At this point in the description it should be noted that the tracking member 62 is advantageously provided with a transverse slot 66 for receiving an unattached end of a spring clip 68, of appropriate springy construction material, which is attached at its opposite end to the rear wall of the housing 16, as by the screw 70. As a result, and as is perhaps best illustrated in FIG. 3, the clip spring 68 can effectively engage the tracking member 62 and in this manner hold the slide member 40 in its ready position to the top of the device 10. When it is desired, however, to start the liquid-dispensing function of the device 10, a finger grip of the clip spring 68 is adapted to be engaged and lifted out of slot 66 thereby releasing the slide member 40 for movement under the spring urgency of the two springs 50 and 51 against the liquid-filled bag 32.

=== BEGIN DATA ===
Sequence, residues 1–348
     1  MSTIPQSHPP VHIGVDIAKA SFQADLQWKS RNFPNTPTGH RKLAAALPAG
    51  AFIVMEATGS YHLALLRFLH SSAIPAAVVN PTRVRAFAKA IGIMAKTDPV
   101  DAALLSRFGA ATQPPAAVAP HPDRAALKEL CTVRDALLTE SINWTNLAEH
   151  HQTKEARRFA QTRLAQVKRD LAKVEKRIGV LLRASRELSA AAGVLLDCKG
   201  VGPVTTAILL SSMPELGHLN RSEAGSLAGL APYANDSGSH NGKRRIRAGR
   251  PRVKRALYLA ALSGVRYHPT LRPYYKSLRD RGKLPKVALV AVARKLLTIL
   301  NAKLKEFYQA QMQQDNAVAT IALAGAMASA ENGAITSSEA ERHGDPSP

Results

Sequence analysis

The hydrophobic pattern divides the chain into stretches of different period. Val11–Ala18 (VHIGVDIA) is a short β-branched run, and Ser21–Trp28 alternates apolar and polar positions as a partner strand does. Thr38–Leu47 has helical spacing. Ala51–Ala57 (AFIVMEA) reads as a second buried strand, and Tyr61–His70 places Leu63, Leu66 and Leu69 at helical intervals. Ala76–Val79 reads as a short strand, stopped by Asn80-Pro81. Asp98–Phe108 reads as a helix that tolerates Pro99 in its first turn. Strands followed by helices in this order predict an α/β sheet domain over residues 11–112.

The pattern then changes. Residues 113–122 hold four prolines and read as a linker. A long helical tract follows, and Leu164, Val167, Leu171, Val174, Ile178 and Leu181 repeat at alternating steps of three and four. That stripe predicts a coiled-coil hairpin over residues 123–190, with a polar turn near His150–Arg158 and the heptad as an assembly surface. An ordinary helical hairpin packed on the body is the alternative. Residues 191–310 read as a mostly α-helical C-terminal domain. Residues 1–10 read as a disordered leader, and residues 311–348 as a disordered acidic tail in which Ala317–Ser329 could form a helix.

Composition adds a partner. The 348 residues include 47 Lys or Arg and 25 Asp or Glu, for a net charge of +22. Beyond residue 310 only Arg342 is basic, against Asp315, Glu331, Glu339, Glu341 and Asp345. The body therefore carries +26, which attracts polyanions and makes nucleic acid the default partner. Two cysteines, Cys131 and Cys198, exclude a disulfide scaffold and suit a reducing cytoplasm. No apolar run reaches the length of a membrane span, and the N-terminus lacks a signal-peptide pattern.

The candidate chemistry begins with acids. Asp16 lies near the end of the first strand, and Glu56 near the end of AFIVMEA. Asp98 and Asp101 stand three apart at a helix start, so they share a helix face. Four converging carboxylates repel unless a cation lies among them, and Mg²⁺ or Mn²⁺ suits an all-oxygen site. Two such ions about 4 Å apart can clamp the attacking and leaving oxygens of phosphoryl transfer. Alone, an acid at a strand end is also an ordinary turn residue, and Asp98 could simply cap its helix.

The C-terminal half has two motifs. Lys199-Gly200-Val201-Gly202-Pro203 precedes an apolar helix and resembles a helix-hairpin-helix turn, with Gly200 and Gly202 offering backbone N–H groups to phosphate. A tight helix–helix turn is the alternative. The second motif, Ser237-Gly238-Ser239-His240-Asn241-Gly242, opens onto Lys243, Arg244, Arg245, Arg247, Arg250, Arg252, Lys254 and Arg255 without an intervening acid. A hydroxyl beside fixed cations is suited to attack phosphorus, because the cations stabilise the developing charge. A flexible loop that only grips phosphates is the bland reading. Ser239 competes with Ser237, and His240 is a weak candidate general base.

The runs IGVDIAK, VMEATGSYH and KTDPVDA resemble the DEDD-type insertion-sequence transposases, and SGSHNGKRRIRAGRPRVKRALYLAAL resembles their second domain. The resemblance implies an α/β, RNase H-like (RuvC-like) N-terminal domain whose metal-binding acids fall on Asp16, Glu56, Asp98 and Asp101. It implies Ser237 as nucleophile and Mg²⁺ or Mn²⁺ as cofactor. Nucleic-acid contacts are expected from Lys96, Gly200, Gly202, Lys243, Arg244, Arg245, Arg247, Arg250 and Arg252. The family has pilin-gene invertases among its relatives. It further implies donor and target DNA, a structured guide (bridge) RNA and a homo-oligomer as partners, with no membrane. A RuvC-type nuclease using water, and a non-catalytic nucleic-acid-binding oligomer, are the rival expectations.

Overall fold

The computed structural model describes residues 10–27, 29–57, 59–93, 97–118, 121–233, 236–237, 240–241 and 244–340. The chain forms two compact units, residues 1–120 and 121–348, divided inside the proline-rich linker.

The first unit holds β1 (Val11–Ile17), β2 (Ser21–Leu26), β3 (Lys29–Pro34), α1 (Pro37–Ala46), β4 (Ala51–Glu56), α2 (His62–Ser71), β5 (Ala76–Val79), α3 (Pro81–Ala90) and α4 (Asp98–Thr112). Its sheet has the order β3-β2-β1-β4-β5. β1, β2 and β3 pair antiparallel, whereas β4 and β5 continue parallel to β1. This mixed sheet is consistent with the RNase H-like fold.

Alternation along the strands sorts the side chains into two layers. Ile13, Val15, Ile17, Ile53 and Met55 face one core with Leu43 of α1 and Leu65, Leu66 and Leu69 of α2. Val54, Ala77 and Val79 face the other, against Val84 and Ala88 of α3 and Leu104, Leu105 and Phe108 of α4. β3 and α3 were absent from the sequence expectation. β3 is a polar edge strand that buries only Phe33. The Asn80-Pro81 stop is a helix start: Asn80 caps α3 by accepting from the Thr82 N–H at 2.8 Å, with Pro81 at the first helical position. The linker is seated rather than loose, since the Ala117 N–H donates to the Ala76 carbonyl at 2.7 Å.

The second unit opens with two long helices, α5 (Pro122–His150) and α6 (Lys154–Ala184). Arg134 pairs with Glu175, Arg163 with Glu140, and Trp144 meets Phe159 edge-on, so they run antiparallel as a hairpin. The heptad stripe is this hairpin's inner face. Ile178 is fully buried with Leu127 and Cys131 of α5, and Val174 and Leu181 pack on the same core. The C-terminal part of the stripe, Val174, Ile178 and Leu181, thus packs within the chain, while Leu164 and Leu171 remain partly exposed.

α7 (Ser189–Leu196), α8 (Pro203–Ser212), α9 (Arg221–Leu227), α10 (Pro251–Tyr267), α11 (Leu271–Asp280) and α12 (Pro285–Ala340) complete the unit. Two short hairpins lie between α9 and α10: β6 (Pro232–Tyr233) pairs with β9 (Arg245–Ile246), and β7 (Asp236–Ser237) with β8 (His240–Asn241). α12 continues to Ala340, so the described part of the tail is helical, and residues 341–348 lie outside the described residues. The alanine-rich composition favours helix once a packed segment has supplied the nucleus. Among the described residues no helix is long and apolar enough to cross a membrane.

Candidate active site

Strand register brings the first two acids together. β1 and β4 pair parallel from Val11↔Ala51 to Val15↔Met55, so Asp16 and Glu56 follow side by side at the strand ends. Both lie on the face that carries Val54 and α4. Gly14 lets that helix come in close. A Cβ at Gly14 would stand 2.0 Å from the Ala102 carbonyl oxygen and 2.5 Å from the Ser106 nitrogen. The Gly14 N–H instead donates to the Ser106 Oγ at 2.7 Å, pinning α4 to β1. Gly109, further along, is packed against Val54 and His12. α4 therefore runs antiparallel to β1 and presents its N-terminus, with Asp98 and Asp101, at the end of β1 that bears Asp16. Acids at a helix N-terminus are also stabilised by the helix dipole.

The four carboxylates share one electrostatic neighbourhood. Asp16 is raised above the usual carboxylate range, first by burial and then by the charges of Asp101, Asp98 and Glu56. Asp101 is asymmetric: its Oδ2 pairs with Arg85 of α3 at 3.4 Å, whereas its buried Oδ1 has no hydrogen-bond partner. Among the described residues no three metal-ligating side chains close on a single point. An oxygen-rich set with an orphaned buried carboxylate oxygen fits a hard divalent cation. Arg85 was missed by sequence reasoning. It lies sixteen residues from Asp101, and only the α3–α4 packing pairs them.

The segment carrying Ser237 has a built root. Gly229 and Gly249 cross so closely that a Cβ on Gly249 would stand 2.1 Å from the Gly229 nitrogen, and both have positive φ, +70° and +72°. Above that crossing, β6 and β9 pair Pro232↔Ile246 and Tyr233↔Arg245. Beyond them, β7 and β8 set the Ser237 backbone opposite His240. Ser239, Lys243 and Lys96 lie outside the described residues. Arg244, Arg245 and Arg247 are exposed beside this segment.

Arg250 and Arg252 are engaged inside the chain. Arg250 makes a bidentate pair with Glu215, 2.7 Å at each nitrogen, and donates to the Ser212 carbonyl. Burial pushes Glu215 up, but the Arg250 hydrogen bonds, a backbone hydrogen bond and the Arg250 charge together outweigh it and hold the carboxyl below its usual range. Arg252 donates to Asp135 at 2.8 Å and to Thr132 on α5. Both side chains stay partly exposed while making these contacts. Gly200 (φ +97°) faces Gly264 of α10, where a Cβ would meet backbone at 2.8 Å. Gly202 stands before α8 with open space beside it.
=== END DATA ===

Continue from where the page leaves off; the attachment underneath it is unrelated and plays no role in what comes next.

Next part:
In some end uses, the condition for maintaining sterile the liquid being dispensed is consistent with making use of the same plastic bag 32. In this instance an appropriate vacuum tube would be connected to the extending tube 34 and in withdrawing the slide member 40 back to its starting position another supply of fluid would, of course, be drawn into the bag 32. During this time, of course, the slide member 40 is eased into its starting position and held in place by the resilient clip 68. Repetitious use of the same bag 32 might be particularly applicable for the end use contemplated for the device 10 in the referred-to U.S. Pat. No. 4,253,464. If a fresh bag 32 is necessary, bottom plate 74 is unscrewed at 76 to permit this.